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Electric circuit theorems are always beneficial to help find voltage and currents in multi-loop circuits. These theorems use fundamental rules or formulas and basic equations of mathematics to analyze basic components of electrical or electronic parameters such as voltages, currents, resistance, and so on. These fundamental theorems include basic theorems like the Superposition theorem, Norton’s theorem, the Maximum power transfer theorem, and Thevenin’s theorems. Another group of network theorems that are mostly used in the circuit analysis process includes the Reciprocity theorem and Millman’s theorem.


As applicable to AC networks, it states as follows: 

In any network made up of linear impedances and containing more than one source of emf, the current flowing in any branch is the phasor sum of the currents that would flow in that branch if each source were considered separately, all other emf sources being replaced for the time being, by their respective internal impedances (if any). 

Note. It may be noted that independent sources can be ‘killed’ i.e. removed leaving behind their internal impedances (if any) but dependent sources should not be killed. 


As applicable to AC networks, this theorem may be stated as follows: 

The current through a load impedance ZL connected across any two terminals A and B of a linear network is given by Vth/(Zth + ZL) where Vth is the open-circuit voltage across A and B and Zth is the internal impedance of the network as viewed from the open-circuited terminals A and B with all voltage sources replaced by their internal impedances (if any) and current sources by infinite impedance. 


This theorem applies to networks containing linear bilateral elements and a single voltage source or a single current source. This theorem may be stated as follows: 

If a voltage source in branch A of a network causes a current of 1 branch B, then shifting the voltage source (but not its impedance) of branch B will cause the same current I in branch A. 

It may be noted that currents in other branches will generally not remain the same. A simple way of stating the above theorem is that if an ideal voltage source and an ideal ammeter are inter-changed, the ammeter reading would remain the same. The ratio of the input voltage in branch A to the output current in branch B is called the transfer impedance. 

Similarly, if a current source between nodes 1 and 2 causes a potential difference of V between nodes 3 and 4, shifting the current source (but not its admittance) to nodes 3 and 4 causes the same voltage V between nodes 1 and 2. 

In other words, the interchange of an ideal current source and an ideal voltmeter in any linear bilateral network does not change the voltmeter reading. 

However, the voltages between other nodes would generally not remain the same. The ratio of the input current between one set of nodes to the output voltage between another set of nodes is called the transfer admittance. 


As applied to AC networks, this theorem can be stated as under: 

Any two-terminal active linear network containing voltage sources and impedances when viewed from its output terminals is equivalent to a constant current source and a parallel impedance. The constant current is equal to the current which would flow in a short-circuit placed across the terminals and the parallel impedance is the impedance of the network when viewed from open-circuited terminals after voltage sources have been replaced by their internal impedances (if any) and current sources by infinite impedance.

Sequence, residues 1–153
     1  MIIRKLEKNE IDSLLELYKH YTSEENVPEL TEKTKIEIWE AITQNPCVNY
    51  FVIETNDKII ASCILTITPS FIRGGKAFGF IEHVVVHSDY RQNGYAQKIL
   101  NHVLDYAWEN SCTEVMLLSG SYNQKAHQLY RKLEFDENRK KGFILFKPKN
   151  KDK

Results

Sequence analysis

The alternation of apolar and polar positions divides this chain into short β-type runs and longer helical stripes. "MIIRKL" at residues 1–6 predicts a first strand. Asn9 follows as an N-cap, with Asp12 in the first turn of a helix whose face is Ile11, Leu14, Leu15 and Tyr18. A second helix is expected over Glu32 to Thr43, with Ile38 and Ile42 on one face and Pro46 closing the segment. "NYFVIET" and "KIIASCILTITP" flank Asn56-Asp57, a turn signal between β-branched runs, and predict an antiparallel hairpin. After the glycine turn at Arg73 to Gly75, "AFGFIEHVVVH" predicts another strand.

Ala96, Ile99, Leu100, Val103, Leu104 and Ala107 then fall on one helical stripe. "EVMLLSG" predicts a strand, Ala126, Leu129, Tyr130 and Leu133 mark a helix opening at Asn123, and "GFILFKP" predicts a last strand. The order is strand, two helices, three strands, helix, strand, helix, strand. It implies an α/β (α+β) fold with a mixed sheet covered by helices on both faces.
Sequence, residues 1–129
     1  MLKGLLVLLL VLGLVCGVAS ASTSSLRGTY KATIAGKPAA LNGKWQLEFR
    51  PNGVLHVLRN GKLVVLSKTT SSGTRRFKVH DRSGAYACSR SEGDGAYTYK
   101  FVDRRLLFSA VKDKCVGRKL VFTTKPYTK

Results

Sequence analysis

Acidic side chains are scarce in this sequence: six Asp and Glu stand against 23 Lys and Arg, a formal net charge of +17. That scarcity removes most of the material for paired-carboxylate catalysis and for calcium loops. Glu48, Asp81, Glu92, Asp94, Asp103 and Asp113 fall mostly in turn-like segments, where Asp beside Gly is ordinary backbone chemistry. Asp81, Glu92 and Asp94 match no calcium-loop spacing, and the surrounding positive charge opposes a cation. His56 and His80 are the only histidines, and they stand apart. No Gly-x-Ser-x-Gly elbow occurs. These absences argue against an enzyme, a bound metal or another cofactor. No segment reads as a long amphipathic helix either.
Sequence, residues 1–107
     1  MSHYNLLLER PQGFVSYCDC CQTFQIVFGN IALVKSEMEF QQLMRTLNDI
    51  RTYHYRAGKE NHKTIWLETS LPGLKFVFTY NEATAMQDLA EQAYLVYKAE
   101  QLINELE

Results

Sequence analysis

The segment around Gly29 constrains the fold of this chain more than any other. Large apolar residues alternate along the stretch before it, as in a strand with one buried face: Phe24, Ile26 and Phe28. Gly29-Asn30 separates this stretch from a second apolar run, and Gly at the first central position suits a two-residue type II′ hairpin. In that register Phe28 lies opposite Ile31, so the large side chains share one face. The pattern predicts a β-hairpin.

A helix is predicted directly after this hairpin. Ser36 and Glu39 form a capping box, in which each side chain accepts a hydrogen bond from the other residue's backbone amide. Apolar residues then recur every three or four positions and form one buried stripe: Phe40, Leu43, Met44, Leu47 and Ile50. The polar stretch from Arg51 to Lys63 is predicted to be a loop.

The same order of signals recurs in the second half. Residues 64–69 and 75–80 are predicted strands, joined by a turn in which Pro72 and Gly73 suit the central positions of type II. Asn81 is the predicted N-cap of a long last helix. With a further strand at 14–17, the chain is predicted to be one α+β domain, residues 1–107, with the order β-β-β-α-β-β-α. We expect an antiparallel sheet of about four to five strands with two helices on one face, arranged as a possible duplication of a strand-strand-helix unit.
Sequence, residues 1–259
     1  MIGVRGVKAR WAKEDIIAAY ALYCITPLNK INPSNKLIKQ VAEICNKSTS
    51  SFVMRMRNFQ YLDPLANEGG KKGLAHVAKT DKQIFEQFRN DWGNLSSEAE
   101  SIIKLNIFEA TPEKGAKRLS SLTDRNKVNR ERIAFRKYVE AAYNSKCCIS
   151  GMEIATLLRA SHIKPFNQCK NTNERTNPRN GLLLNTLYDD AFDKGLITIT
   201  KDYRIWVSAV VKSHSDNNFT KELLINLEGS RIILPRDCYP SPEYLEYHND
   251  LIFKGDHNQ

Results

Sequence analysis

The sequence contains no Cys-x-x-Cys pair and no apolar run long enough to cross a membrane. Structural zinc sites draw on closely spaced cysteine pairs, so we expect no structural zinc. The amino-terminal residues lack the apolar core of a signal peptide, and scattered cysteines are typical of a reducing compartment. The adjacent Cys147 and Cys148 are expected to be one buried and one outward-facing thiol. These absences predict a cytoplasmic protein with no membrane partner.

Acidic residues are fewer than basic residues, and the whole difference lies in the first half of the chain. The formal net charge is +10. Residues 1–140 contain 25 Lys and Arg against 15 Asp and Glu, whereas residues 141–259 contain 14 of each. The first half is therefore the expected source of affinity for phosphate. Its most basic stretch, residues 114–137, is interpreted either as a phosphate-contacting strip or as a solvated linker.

For any power source, the maximum power transferred from the power source to the load is when the resistance of the load RL is equal to the equivalent or input resistance of the power source (Rin = RTh or RN). The process used to make RL = Rin is called impedance matching. 

This theorem is particularly useful for analyzing communication networks where the goals is transfer of maximum power between two circuits and not highest efficiency. 


1. When load is purely resistive and adjustable, MPT is achieved when RL = | Zg | = √ ( R2g + X2).

2. When both load and source impedances are purely resistive (i.e. XL= Xg= 0), MPT is achieved when RL = Rg.

3. When 

 RL and XL are both independently adjustable, MPT is achieved when XL= -Xand RL = Rg.

4. When XL is fixed and Ris adjustable, MPT is achieved when R= √ [R2g + (Xg+ XL)2]


It permits any number of parallel branches consisting of voltage sources and impedances to be reduced to a single equivalent voltage source and equivalent impedance. Such multi-branch circuits are frequently encountered in both electronics and power applications.

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Aanchal Gupta

Welcome to my website! I'm Aanchal Gupta, an expert in Electrical Technology, and I'm excited to share my knowledge and insights with you. With a strong educational background and practical experience, I aim to provide valuable information and solutions related to the field of electrical engineering. I hold a Bachelor of Engineering (BE) degree in Electrical Engineering, which has equipped me with a solid foundation in the principles and applications of electrical technology. Throughout my academic journey, I focused on developing a deep understanding of various electrical systems, circuits, and power distribution networks.

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